Friday, November 25, 2011

A Case for Religion

A headline earlier this week read, "Aaron Rodgers: More Popular than Jesus Christ". It is evident that religion is not as great an influence on society as it once was. The scientific revolution led to increasing doubt in religious dogma. In addition, humanity is no longer an agricultural, rural society, where everybody is familiar with one another. People reside in swarming metropolises nowadays, and they exclaim that religion is holding them back. Why should a corporation take a day of rest when their thousands of employees work different shifts? On the contrary, religion is still very meaningful to many people. Deeply consider religion is not a universal solution to all people's problems, but keep in mind religion being illegitimate for one person is no reason to press anti-religious thought on others. Similarly, recognize religion is not the same for any individual, and it can be quite loose or very fundamental. Aaron Rodgers may be more popular than Jesus Christ, but this is no basis for one to conclude that religion is unnecessary for the modern world.

Most people first think of deities and prophets when religion is brought up in conversation, but it is also a source of joy and celebration. Religion emphasizes core values, such as love, responsibility, family, and generosity. From birth to death, many religions recognize important life cycle events. While a wedding can be done in a courthouse or casino, some feel a full celebration with a religion aiding them in the process more memorable. Love is indescribable, but a religious leader can help a pair of fianc├ęs define their relationship. The Jewish practice of a Bar Mitzvah is rewarding for many Jewish children, teaching them responsibility at the beginning of adolescence. Religion is like a source to fall back on when there are upcoming, major events. It is a well of beauty, significance, and understanding.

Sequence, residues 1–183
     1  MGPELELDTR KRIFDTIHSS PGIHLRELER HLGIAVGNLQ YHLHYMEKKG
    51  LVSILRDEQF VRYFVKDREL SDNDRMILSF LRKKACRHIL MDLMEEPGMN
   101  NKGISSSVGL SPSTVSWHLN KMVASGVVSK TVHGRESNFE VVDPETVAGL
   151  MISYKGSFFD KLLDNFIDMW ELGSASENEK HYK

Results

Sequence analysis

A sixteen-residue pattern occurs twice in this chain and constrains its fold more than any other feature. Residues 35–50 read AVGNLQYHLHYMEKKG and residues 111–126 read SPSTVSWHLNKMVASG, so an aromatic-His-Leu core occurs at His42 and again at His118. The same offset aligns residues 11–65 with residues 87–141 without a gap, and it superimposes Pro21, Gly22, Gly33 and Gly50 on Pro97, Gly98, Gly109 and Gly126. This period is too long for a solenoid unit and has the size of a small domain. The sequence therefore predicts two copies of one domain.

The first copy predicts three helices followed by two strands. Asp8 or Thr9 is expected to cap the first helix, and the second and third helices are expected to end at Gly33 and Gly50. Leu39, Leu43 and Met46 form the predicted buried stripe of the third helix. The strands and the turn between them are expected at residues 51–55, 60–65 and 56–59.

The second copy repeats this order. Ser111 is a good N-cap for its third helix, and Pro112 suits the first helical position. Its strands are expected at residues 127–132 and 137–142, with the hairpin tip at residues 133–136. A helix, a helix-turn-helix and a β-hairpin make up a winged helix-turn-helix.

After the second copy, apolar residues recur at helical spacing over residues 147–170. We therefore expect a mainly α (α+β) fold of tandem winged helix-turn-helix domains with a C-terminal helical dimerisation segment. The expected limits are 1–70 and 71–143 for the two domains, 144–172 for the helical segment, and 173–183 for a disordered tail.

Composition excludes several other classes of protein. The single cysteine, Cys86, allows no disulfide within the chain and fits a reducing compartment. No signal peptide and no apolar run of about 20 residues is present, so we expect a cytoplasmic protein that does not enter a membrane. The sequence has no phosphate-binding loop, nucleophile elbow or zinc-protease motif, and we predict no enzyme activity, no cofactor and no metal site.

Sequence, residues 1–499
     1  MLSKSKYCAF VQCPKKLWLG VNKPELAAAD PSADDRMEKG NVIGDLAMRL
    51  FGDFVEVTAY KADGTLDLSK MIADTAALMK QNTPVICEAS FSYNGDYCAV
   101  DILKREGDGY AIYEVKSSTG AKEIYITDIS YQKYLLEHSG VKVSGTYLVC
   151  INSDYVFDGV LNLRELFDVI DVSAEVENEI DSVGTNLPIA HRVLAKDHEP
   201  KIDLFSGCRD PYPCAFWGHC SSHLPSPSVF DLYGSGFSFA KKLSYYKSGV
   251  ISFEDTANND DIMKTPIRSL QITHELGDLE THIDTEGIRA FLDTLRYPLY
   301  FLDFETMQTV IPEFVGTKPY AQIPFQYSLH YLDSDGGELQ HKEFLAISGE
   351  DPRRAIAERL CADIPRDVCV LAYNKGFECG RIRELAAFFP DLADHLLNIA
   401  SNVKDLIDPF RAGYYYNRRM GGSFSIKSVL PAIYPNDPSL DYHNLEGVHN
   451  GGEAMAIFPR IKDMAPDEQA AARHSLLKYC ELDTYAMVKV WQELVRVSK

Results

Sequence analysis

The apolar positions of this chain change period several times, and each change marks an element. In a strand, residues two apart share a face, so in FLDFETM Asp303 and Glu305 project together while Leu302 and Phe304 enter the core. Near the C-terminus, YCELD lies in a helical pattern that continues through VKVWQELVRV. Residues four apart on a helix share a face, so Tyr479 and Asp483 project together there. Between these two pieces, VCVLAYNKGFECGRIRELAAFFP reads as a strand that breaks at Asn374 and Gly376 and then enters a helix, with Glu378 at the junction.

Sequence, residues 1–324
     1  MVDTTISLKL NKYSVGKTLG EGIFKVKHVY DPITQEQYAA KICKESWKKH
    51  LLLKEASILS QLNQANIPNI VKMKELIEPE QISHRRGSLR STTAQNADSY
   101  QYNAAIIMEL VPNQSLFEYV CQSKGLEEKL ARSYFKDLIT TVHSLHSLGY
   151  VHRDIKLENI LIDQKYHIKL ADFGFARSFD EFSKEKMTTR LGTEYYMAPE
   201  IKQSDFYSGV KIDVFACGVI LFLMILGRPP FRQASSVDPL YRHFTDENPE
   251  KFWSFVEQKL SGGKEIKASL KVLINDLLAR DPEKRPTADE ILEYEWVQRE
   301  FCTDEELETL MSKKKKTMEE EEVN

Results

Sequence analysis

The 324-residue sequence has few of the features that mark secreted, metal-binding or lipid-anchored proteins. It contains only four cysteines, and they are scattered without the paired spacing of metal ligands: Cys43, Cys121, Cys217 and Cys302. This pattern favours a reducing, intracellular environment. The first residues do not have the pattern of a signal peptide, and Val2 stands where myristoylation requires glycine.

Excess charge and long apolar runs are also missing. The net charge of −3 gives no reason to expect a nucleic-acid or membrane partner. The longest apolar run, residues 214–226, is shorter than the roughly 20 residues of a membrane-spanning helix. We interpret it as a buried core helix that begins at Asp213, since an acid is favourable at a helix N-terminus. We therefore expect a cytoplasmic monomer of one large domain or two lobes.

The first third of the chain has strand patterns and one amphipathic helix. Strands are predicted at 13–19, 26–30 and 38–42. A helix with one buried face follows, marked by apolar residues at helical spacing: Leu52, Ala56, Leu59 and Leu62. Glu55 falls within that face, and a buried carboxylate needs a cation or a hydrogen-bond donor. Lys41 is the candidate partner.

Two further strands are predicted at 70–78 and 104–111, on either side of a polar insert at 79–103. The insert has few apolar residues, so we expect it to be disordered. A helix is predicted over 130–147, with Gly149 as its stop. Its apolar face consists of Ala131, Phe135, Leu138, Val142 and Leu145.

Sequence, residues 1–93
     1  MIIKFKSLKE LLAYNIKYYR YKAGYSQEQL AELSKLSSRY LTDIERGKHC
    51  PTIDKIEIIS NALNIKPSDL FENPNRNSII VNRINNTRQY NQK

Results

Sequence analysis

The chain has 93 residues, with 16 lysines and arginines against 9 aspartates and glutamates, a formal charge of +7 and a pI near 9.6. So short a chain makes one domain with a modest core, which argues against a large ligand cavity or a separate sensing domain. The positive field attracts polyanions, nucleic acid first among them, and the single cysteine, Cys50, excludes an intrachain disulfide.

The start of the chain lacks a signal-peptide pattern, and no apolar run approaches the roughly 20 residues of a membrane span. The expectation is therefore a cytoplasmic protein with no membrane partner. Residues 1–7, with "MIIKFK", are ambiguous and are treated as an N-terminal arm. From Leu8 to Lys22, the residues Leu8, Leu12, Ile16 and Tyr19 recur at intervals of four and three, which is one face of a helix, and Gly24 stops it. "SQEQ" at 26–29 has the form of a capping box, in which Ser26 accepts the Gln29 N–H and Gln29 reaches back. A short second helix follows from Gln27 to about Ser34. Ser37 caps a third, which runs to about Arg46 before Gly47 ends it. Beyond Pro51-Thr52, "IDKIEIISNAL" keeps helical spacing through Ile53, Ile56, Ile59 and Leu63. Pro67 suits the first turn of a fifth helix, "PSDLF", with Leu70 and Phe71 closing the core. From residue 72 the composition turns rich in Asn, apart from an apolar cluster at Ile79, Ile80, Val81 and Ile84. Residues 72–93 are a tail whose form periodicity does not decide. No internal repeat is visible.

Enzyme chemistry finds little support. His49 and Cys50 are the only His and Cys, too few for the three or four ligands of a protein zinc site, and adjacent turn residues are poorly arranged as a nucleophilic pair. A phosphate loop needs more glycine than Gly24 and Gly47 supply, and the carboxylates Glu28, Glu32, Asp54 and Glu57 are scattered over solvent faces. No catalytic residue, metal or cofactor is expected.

While religion is a divider among nations of the world, it brings groups together too. If every person in the world was ideologically identical, the world would be a monotonous place. Religion unifies people. After Friday night services, there is an Oneg Shabbat. Jews come to shmooze, but in many temples this ritual is more than polite chit-chat. All the Jews in the world share a common 5,000 year old history and culture, yet there is a wide spectrum of tradition. It is not religious differences that separates these groups, but people themselves. A friend and I were making a case for and against religion. She claimed religions start wars. If one takes the Spanish Inquisition, is religion to blame? Rather, King Ferdinand and the society he created in late 1400s Spain is what led to the Jews' expulsion and murder. Likewise, religious tolerance is a rewarding skill to practice, for it prepares people to handle other traits that are out of a person's control. By being separate, humans actually come closer together.